AMS 2023 Reflections: Thank You Denver (and Boulder)!#

Last week, I attended the 103rd American Meteorological Society Annual Meeting in Denver Colorado. Prior to attending, I put together a blog post detailing my pre-conference thoughts and expressed a high level of excitement for this year’s conference. It did not disappoint. The week was full of meaningful connections with colleagues, leading an open science short course, and attending sessions where I learned new tools and techniques for working with atmospheric and climate datasets.

The Short Course#

The week started off with our “Open Science in the Rockies: Working with ARM Data from the Surface Atmosphere Integrated Field Laboratory” short course, with over 20 attendees! A good amount of preparation went into the course, from meeting room logistics, inviting speakers, and testing the cyberinfrastructure that would allow participants to analyze large datasets while on a limited conference internet network. The course started with an overview of the SAIL field campaign, quickly diving into ways to access the data and analyze the datasets using open-source tools funded and supported by ARM! We also covered advanced data visualization techniques using the Pangeo stack, including using Xarray and the Holoviews tools to visualize an entire day’s worth of high spatiotemporal cloud radar data.

My favorite part of the course covering that last section. One participant even used the open-source cookbooks as inspiration for his talk later in the week during the SAIL-specific AMS session, acknowledging where he had learned how to create the figure. Enabling the science community is what these courses are all about.

Here is a group picture of the attendees and instructors:

Group picture of AMS SAIL Short Course Attendees

The Conference#

As a member of the Environmental Information Processing Technologies committee, I helped co-chair quite a few sessions, with topics ranging from tools for research to operations to part of the AMS Python Symposium! One of the more notable moments during the Python symposium was Monday afternoon’s session, where Tom Nicholas (developer of several Pangeo-related packages) asked the room “Who here has used and is familiar with Xarray”? Almost everyone in the room raised their hand. This contrasts with last in-person meeting, the 100th AMS Annual Meeting in Boston, where there were still quite a few people working on adopting Xarray within their workflows. It was also astonishing how many presentations explicitly mentioned their tools are built around Xarray. Another common theme during the Python Symposium was the impact Project Pythia is having on the community, and how many presenters are interested in contributing cookbooks or improving the existing content.

After each day of sessions, attendees flocked to different social events, with most focused-on alumni or general AMS-hosted networking opportunities. The Valparaiso University meteorology reception on Monday was my favorite social event that week. I connected with current undergraduates, discussing with them their career goals and what their plans after Valpo are, as well as reconnecting with alumni through the years. It’s amazing how much this event has grown since my first AMS Valpo reception in Austin in 2018.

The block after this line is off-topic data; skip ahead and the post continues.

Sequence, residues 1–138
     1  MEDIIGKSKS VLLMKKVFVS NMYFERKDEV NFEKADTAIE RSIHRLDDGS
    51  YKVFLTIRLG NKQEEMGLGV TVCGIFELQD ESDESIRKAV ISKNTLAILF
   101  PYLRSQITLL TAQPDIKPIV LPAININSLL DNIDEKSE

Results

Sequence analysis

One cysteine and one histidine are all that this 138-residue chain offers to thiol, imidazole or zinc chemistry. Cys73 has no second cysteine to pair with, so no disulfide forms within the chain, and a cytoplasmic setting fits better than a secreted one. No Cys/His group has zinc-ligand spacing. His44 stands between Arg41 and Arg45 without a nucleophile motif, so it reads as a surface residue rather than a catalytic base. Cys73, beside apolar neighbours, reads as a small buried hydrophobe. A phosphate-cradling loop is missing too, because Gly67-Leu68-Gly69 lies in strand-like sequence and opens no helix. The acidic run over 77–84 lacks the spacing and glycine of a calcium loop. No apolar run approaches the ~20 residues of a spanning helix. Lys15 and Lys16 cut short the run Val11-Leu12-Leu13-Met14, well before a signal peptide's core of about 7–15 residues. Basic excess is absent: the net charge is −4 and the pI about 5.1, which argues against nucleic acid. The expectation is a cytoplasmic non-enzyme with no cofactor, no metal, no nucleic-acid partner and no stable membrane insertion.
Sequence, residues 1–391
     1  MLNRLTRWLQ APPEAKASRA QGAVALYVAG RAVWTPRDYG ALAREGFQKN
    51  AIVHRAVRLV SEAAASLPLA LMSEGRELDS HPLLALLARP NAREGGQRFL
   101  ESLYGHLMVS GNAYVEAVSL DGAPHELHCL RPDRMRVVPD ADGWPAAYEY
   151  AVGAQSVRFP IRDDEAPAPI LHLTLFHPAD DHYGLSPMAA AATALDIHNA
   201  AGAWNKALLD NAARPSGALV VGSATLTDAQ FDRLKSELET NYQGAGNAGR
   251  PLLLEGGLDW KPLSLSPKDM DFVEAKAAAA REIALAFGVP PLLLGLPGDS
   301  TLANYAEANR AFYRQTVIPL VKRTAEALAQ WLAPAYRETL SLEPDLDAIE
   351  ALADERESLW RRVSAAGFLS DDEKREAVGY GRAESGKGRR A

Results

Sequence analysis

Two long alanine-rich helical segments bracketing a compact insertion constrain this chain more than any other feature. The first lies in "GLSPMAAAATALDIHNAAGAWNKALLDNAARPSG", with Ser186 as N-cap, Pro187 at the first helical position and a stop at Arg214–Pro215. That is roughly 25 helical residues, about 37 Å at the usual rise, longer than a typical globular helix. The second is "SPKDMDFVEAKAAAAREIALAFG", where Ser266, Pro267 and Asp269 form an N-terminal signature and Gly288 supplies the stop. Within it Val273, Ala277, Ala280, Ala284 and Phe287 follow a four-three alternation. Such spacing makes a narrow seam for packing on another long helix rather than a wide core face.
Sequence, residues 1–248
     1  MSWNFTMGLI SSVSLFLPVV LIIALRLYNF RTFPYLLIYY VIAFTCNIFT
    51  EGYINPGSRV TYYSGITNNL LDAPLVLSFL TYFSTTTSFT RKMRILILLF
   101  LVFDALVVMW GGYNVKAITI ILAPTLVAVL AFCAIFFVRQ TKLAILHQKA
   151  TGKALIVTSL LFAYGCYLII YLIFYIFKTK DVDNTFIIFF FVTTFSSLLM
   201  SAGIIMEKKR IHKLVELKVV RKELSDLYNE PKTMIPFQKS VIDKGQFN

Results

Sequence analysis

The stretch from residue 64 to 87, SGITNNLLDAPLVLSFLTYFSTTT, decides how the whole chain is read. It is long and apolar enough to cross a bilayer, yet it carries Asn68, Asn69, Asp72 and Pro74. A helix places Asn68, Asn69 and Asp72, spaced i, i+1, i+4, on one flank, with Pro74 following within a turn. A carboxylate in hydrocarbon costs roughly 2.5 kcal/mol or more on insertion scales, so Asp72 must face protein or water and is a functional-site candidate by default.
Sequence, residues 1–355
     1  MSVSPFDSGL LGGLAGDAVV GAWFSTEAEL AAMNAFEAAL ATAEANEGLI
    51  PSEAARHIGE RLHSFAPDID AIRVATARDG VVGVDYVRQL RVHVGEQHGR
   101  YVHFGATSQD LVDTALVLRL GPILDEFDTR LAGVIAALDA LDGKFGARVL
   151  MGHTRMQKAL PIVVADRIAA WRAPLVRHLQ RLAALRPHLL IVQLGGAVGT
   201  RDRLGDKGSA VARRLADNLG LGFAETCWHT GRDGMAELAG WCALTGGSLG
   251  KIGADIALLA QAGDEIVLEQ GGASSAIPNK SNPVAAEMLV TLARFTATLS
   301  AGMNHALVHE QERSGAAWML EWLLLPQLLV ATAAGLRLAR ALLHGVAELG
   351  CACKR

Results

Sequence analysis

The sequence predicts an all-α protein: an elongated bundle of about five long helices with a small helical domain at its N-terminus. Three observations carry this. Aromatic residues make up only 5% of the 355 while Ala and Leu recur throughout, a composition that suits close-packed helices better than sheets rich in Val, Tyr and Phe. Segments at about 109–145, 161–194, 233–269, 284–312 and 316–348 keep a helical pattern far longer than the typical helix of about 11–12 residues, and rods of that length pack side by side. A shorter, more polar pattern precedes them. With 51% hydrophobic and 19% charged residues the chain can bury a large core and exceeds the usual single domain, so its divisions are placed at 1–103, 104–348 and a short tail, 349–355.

The Pangeo Working Meeting#

Something new at this year’s AMS Annual Meeting was the post-conference working meeting, where members of the Pangeo community gathered to collaborate on projects. The day was structured as a collection of breakouts, focused around:

  • Xarray and Friends (Xarray and associated packages)

  • Project Pythia (Educational cookbooks and feedback on content)

  • Pangeo Forge (Analysis Ready Cloud Optimized (ARCO) data conversion)

  • Xbatcher (Toolkit for generating AI/ML batches from Xarray data structures) In addition to the topics listed above, we had even smaller breakouts related to improving documentation and tutorials when it comes to Xarray + Dask (at the intermediate level), and fixed some bugs in Intake-ESM!

A Weekend in Boulder#

I decided to extend the trip by a couple of days, staying near Boulder Saturday and Sunday. Some of my best friends still live in that region. Friday night, I joined some friends at Rayback Collective, finding dinner at one of the local food trucks. Saturday was an ideal day: breakfast at my favorite diner in Downtown Louisville (B.O.B.’s Diner), hiking along Mount Sanitas, and lunch (and beverages) at Avery Brewing Company, followed by a night along Pearl Street. Reconnecting with my friends in Colorado was both restorative and relaxing! I had smooth travel day on Sunday, spending some time at the new lounging area at the end of the A terminal at Denver’s airport.

Here is a picture from my Boulder adventure:

Boulder Flatirons covered with snow


The 103rd AMS Annual Meeting was successful. Between the short courses, symposiums, and post-conference working meeting, I feel as though real progress was made in terms of open science this week. I am thankful Denver is on the new rotation of meeting locations (extending through 2032). It is an amazing city, with a convenient colocation of hotels, restaurants, collaborators, and friends.